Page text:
By STEPHEN GRAHAM BERLIN – Authorities on Wednesday shut down an Islamic center once attended by a man who accuses the CIA of kidnapping him and sending him to a secret Afghan prison to be abused and interrogated. The man’s lawyer has linked the alleged kidnapping to the investigation of extremist activity at the center. The state government of Bavaria said Wednesday it was shutting down the Multi-Kultur-Haus association in the southern town of Neu-Ulm after it seized material urging Muslims to carry out suicide attacks in Iraq. Khaled al-Masri, a Kuwait-born German citizen who is suing the CIA for allegedly spiriting him to Afghanistan for interrogation, has said he visited the center several times before he was snatched. Al-Masri said he was taken while trying to enter Macedonia on New Year’s Eve 2003 and flown to Afghanistan, where he was subjected to “torture and other cruel, inhuman or degrading treatment” during five months in captivity, according to a lawsuit filed in a Virginia federal court. He was flown to Albania in late May 2004 and put on a plane back to Germany, he has said. Al-Masri has said his captors told him he was seized in a case of mistaken identity. His lawyer, however, has suggested that al-Masri was abducted because of his links to the Islamic association, which provided meetings, prayer rooms and other services for local Muslims. “In all interrogations, in Macedonia and Afghanistan, Khaled al-Masri was asked only about the Multi-Kultur-Haus in Ulm, about the people he knew there,” Manfred Gnjidic told Munich’s Abendzeitung newspaper last month. Al-Masri’s case has stoked debate in Germany about how to prevent terrorist attacks while safeguarding civil liberties. Federal Interior Minister Wolfgang Schaeuble, for instance, is calling for tougher laws so that anyone who has trained in camps in Afghanistan can be prosecuted. In remarks published Wednesday, Uwe Schuenemann, the interior minister of Lower Saxony state, floated a new idea: placing electronic tags on foreign extremists who cannot be deported to their countries of origin because they might be tortured. “That would allow the observation of many of the roughly 3,000 potentially violent Islamists, hate preachers and fighters trained in foreign camps,” Schuenemann was quoted as saying in the daily Die Welt. It was unclear whether federal officials would take up the suggestion. Electronic tags were used in 2000 on a trial basis in one German state with prisoners on parole, but have not been adopted more widely. Al-Masri claims U.S. agents questioned him about associates including his friend Reda Seyam, an Egypt-born German citizen under investigation by German federal prosecutors on suspicion of supporting al-Qaida. Al-Masri has denied any connection to terrorism. Bavarian Interior Minister Guenther Beckstein told The Associated Press on Wednesday that investigators had noticed al-Masri visiting the Multi-Kultur-Haus but called him “rather a marginal figure.” Beckstein’s ministry said the association was promoting extremist ideas and armed “holy war.” Security officials confiscated and searched the association’s premises in Neu-Ulm Wednesday and froze its bank account. There was no mention of arrests or the results of the search.

Italy’s Interior Minister Presents Members Of Islamic Council

Two imams and the leaders of two main Muslim associations in Italy were among the appointed members of a newly created advisory council aimed at developing dialogue between the Italian government and the Muslim community, the interior minister confirmed Wednesday. Interior Minister Giuseppe Pisanu, presenting the 16 members of the council in Rome, said moderate Islamic representatives are “our natural allies in the fight against extremism.” “The council is the hand that we stretch out to moderate Muslims in order to move on together on the path of integration,” Pisanu told. “Many of the members have already taken an official position against terrorism,” he added. Half of the council members have Italian nationality, while the others are a Tunisian, two Moroccans, a Libyan, an Algerian, a Somali, an Albanian and a Senegalese. There are about 1.1 million Muslims in Italy, an overwhelmingly Catholic country of about 58 million people. Among the members of the council are Italian imam Yahya Sergio Yahe Pallavicini, based in Milan, and Algerian Rachid Amadia, imam of Salerno, southern Italy. Mario Scialoja, the president of the Muslim World League in Italy, and Mohamed Nour Dachan, head of the Union of Islamic Communities and Organizations in Italy, were also appointed. The Islamic council, which was created in September, responds directly to the Interior Ministry, and is responsible for counseling the government on various issues concerning the integration of Muslims, the AP reports.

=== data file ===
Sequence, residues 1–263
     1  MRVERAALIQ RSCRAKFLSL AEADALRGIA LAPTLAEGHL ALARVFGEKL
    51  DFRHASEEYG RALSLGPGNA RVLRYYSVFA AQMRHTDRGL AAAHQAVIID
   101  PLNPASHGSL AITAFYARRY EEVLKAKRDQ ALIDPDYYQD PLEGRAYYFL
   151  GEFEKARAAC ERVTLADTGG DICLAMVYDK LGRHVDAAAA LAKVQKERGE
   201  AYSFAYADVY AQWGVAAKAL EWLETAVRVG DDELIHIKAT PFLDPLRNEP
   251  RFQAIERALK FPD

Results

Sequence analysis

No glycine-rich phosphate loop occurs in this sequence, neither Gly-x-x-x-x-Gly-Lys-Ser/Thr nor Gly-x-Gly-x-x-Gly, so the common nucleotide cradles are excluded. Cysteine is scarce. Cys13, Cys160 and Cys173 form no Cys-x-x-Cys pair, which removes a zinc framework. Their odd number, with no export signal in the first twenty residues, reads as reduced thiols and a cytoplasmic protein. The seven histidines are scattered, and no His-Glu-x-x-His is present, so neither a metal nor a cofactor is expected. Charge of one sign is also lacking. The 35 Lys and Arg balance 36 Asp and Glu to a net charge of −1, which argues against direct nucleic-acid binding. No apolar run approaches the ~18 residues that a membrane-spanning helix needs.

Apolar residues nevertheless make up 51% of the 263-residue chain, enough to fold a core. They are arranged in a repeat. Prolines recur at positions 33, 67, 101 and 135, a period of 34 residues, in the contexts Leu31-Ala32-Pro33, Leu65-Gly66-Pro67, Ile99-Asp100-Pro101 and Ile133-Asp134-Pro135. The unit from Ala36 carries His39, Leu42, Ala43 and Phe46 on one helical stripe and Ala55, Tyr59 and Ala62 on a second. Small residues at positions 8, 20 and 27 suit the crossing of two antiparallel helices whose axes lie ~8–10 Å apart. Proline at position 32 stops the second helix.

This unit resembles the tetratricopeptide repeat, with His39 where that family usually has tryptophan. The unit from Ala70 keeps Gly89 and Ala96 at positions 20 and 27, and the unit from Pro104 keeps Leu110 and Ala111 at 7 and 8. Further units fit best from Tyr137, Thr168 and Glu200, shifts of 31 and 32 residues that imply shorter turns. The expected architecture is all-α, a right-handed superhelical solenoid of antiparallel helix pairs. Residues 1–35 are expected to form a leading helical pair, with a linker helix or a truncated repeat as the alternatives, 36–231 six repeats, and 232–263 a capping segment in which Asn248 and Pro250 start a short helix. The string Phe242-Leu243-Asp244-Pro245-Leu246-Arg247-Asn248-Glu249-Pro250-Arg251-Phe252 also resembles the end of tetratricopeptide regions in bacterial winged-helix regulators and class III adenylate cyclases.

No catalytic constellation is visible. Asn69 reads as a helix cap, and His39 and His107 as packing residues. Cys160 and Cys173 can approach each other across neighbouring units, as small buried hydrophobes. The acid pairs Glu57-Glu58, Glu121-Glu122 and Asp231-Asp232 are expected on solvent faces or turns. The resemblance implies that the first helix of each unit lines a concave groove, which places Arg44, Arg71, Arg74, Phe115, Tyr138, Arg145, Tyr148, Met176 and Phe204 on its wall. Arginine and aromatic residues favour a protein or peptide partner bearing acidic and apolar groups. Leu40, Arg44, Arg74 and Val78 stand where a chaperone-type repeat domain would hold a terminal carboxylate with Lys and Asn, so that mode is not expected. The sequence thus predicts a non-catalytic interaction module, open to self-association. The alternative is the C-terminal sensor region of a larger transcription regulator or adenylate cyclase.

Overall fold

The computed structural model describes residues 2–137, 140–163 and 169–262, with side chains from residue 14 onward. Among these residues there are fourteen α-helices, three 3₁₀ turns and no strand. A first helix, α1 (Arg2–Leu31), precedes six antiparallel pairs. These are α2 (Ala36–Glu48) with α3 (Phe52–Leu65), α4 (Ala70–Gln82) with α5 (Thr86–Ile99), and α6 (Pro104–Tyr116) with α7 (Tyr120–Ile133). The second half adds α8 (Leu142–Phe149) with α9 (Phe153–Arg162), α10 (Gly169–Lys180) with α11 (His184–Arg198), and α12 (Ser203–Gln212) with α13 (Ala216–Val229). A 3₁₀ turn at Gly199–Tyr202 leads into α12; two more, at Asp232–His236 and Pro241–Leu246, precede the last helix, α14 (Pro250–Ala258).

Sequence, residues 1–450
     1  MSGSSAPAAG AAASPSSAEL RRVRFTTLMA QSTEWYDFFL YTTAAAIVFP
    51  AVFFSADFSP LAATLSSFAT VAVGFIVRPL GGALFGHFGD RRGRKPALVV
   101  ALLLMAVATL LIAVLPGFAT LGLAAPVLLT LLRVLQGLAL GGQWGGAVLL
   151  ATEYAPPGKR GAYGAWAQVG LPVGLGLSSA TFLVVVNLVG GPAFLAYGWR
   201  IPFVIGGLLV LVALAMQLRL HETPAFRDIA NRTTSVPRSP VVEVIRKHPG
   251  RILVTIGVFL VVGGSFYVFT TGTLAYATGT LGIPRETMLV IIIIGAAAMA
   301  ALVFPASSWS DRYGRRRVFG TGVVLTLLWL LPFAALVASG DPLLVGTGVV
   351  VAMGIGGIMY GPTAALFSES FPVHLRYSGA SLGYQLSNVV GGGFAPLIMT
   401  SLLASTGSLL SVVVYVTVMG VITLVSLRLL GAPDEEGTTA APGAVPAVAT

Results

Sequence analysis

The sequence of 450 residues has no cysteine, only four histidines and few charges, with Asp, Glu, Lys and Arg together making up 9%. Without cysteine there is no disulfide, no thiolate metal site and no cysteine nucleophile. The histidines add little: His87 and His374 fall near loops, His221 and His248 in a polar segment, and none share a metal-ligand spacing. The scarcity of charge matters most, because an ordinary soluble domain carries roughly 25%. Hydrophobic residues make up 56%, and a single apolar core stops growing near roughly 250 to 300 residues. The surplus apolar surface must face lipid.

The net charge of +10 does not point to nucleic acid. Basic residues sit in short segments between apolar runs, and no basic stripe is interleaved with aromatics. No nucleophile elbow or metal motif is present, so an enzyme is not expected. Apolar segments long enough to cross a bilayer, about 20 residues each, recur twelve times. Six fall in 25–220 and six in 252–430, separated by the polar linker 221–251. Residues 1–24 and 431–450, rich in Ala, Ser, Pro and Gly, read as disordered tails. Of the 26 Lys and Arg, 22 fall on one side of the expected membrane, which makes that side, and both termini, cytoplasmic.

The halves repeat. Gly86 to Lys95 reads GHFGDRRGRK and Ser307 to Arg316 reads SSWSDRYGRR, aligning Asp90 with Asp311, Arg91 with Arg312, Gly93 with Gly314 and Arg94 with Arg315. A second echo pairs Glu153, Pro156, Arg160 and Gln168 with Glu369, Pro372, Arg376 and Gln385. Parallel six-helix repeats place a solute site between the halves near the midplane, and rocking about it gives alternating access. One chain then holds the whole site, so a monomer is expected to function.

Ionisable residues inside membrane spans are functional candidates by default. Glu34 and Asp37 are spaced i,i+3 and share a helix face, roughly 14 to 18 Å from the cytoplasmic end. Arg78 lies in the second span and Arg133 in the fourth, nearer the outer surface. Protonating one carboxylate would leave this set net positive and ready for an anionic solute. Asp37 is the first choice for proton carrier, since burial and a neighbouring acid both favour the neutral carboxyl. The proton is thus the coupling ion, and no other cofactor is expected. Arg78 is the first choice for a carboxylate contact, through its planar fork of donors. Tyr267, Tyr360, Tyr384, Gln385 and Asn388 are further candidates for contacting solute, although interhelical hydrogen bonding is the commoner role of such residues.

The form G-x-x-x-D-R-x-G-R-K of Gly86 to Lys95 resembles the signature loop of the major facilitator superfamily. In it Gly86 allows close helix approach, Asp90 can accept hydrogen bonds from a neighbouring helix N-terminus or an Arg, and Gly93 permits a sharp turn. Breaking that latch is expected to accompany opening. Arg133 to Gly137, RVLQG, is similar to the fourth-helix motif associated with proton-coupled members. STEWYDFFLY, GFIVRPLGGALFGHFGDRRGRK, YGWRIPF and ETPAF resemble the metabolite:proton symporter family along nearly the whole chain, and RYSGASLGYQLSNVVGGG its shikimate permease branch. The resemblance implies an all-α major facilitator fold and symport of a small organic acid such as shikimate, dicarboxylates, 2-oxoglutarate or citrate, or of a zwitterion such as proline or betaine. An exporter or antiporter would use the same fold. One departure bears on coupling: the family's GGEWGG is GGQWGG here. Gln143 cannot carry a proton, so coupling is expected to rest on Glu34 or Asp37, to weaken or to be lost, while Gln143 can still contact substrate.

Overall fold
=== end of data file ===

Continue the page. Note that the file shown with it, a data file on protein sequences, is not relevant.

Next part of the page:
Establish Body To Train Imams: UK Muslim Leaders

British Muslim leaders called on the government to establish a national body to oversee mosques and imams as part of efforts to combat extremism following the July bombings in London. Working groups advising the government said that the proposed National Advisory Council of Imams and Mosques could recommend ways for mosques to prevent extremism, train Imams and encourage British-born Muslims to become clerics. Lord Ahmed, a Labour Party member of the House of Lords who headed one of the groups on Thursday, said that 1,700 of the estimated 2,000 Imams in Britain were educated and trained abroad. “As British Muslims we need to be prepared to modernise the way we operate, encouraging integration and helping our children to feel proud to be British,” he said. “I and my colleagues believe that the establishment of this Advisory Council is an important step towards this goal.” European governments seeking to counter the spread of extremism within some mosques are concerned that sermons are often not conducted in the country’s predominant language and that many clerics come from abroad rather than from local Muslim communities. The Dutch government earlier this year revoked the residency permits of three Imams whom it accused of preaching hate. In France, where a third of the 1,200 Imams do not speak French, Interior Minister Nicolas Sarkozy recently called for better oversight of mosques in order to root out radicals.

Cabinet To Act Against ‘Extremist Mosques’

AMSTERDAM – The Dutch government has committed itself to a plan of action against the 10 to 25 mosques in the Netherlands where “extremist sermons” are delivered, Interior Minister Johan Remkes has said. Remkes told Parliament that if the criminal law can’t be used against these mosques, the government will consider withdrawing subsidies and residence permits for the Muslim clerics preaching at the mosques. He made his remarks during a parliamentary debate about terrorism on Wednesday.

French Court Quashes Imam Deportation

By Hadi Yahmid PARIS, April 27 (IslamOnline.net) – A French court quashed Monday, April 26, a government decision to deport an Imam to his native Algeria for statements seen by the secular country as violence-inciting. “The ruling has done justice to Imam Abdelkader Bouziane, given the expulsion was neither convincing nor justifiable,” his lawyer Mahmmoud Hibia told IslamOnline.net. “Now Bouziane can return back to France at any time to reunite with his family and sons.” Interior Minister Dominique de Villepin ordered the deportation of Bouziane, imam of a mosque in the eastern city of Lyon, after press statements that Muslim husbands can beat their unfaithful wives.